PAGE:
Smart Data Providers Improve Data Collection Amid New Privacy Features

David TyreDavid Tyre - 23 de September de 2021.

Hotels might be reliant on first-party data to understand customer analytics. First-party data is often vital to the successful implementation of marketing campaigns, some of which are deemed valuable with high gross open rates, like when a recipient opens an email campaign and how often the email is opened. However, big-box tech providers like Apple are implementing new features and framework that make data collection through traditional outlets either very difficult or near impossible.

Hoteliers must establish direct relationships with all current and potential customers, which is often accomplished through personalization efforts like geo-targeting, profile building, and more. But with first-party data becoming increasingly difficult to obtain, hoteliers need to turn to alternative solutions—like smart data providers—to improve data collection amid new data privacy policies and features.

Using smart data

The hotel industry is seeing an increase in smart data providers that find new consent-based methods to identify, profile, and categorize consumers. As privacy protection efforts ramp up, smart data is becoming a popular solution for collecting first-party data.

Smart data providers use multiple methods to collect first-party data. Popular methods include customer journey analytics and customer experience analysis. With customer journey analytics, smart data providers weave together customer analytics across multiple channels, using data collected through platforms that require guests to sign a user agreement before logging into a hotel’s WiFi to complete guest profiles. Oppositely, customer experience analysis uses a variety of tools and techniques to gather guest attitudes, opinions, and emotions, often done through surveys and comprehensive platforms.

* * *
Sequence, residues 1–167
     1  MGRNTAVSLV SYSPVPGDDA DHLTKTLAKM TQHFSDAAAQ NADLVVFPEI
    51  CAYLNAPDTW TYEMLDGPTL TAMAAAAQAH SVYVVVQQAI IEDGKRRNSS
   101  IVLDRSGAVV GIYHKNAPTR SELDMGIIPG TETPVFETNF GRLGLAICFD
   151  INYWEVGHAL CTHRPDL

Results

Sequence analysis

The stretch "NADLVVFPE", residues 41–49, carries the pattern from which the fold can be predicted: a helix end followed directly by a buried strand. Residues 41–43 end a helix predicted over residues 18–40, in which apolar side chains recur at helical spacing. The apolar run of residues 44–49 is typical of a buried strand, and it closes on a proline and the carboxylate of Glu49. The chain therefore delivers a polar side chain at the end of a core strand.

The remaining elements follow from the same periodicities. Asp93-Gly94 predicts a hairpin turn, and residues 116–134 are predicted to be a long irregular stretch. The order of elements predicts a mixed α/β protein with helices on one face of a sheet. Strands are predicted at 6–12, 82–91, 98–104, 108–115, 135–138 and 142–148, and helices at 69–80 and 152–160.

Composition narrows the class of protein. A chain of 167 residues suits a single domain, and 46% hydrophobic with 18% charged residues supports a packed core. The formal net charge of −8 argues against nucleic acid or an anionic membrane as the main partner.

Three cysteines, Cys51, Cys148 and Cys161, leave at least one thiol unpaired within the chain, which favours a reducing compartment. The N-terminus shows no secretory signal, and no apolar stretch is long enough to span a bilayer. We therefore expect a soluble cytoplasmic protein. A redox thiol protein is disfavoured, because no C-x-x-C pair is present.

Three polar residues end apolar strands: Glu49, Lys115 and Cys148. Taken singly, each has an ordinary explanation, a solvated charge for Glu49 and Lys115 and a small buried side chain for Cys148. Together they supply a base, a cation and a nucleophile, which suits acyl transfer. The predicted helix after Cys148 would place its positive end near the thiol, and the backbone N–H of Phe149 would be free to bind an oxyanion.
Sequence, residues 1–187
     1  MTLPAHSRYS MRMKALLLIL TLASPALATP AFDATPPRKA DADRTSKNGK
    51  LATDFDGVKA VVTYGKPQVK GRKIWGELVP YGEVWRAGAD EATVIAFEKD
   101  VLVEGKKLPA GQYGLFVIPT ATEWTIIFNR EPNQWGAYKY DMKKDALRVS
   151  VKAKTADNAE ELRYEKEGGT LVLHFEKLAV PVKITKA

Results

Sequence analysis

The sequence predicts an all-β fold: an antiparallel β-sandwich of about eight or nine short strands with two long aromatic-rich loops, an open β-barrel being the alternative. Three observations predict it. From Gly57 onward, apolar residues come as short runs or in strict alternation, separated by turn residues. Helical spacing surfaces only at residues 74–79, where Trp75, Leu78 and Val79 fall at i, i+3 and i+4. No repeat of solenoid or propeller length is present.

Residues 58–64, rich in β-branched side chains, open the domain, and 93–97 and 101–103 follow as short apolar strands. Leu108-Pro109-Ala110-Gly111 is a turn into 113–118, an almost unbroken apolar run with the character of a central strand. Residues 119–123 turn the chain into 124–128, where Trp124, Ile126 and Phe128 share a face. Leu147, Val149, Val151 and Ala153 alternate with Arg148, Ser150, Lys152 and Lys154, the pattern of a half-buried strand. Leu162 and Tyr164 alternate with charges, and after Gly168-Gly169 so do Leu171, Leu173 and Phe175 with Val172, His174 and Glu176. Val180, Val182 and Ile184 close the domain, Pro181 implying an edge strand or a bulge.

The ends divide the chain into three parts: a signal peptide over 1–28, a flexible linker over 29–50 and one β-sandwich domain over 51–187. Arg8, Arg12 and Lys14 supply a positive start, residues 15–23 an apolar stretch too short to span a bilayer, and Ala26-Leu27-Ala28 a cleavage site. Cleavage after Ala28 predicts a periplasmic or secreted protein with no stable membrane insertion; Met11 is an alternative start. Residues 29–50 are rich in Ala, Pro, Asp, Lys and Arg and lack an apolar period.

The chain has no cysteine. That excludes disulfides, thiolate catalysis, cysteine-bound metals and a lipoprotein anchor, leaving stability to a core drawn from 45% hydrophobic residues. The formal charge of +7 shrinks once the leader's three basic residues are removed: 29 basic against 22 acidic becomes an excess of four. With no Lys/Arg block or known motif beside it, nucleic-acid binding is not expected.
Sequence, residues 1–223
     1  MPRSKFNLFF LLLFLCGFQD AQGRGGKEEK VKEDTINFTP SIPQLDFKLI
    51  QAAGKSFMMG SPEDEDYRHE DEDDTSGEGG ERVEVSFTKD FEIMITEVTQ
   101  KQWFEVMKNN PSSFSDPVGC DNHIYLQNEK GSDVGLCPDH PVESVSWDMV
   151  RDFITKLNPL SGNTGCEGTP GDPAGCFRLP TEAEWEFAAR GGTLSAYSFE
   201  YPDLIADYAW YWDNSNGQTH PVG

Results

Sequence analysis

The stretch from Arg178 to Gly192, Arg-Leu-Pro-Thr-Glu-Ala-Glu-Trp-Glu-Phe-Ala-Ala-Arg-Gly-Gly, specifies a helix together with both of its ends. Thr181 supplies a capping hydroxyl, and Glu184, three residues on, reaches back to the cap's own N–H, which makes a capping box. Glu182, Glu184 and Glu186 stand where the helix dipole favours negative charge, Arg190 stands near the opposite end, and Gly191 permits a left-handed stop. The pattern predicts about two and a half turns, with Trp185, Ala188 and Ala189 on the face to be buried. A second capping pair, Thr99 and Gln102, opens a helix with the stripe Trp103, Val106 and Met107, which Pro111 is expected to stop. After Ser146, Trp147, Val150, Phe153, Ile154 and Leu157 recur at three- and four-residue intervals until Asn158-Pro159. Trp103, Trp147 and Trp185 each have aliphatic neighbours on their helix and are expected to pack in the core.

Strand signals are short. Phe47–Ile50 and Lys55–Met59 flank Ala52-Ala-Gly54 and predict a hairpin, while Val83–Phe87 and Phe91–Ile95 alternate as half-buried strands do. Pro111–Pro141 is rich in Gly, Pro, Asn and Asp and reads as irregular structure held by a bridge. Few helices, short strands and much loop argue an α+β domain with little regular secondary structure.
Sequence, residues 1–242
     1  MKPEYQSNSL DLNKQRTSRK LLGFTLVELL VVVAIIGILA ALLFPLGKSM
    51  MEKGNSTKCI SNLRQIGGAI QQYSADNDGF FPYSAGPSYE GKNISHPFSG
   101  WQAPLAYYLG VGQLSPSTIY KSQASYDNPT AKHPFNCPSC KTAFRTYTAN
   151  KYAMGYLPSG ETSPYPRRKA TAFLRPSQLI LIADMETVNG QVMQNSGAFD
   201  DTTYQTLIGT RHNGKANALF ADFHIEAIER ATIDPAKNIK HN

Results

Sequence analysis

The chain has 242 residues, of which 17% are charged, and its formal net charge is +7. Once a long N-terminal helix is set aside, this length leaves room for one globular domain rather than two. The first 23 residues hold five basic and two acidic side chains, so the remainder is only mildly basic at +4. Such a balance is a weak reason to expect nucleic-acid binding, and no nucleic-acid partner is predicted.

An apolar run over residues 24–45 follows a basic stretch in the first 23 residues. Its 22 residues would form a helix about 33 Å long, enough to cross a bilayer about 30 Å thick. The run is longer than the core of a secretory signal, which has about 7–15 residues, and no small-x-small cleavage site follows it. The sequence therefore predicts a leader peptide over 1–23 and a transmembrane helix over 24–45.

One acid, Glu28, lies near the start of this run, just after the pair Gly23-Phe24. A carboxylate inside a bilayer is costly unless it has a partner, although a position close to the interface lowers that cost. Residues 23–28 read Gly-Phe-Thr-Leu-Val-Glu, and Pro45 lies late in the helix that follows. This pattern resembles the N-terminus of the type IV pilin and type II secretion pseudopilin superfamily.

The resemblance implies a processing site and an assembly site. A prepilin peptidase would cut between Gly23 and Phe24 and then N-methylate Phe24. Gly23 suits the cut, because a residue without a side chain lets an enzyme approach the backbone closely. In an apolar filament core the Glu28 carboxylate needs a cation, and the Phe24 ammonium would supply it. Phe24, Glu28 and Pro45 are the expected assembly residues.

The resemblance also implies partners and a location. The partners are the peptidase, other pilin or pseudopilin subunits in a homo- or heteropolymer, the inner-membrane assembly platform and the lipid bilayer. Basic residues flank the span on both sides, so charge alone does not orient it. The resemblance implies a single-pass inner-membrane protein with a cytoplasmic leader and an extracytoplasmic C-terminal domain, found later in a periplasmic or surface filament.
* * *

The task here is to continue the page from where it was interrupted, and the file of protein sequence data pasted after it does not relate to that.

Smart data providers also give information on past guests and can access a hotel’s available data to categorize past guests based on recent stay, frequency, and monetary value. Hoteliers have to navigate using alternative data collection techniques and strategically using the data they collect to add value to their hotel. Smart data providers augment guest profiles with preferences, provide social media ambassadorship, find customer engagement data, and more.

Choosing a provider

It might be daunting and overwhelming to trust a third-party provider with collecting guest data, but the right provider can make marketing operations easier. When searching for a smart data provider, the provider will gather key information for guest profiles including: demographics and psychographics, search patterns, booking windows, and ancillary spend behavior. Every hotel needs an individualized approach, and while location may be a key marketing factor for one hotelier, the type of stay might be more important for another. Hoteliers also need to research providers that have experience in tailoring their solutions to fit individual needs.

In addition to ensuring that a smart data provider can meet a hotel’s data collection needs, hoteliers also need to verify that the provider is meeting regional privacy regulations. With a growing emphasis on data protection, smart data providers should ensure that a hotelier will not violate any data protection laws, which can incur fines and risk a hotelier’s reputation. By using a smart data provider, hoteliers will be able to face the challenges of new privacy policies head on with solutions to continue collecting important and valuable data.

David Tyre serves as vice president of business development—North America for Zoox Smart Data, an international technology solutions provider that builds and monetizes big data customer profiles from existing WiFi networks. With over 15 years of experience in hospitality technology solutions, WiFi managed services, network operations, and management, Tyre has proven expertise in commercializing WiFi, IoT, WaaS, and MaaS solutions for the hospitality, retail, healthcare, and quick service restaurant verticals.


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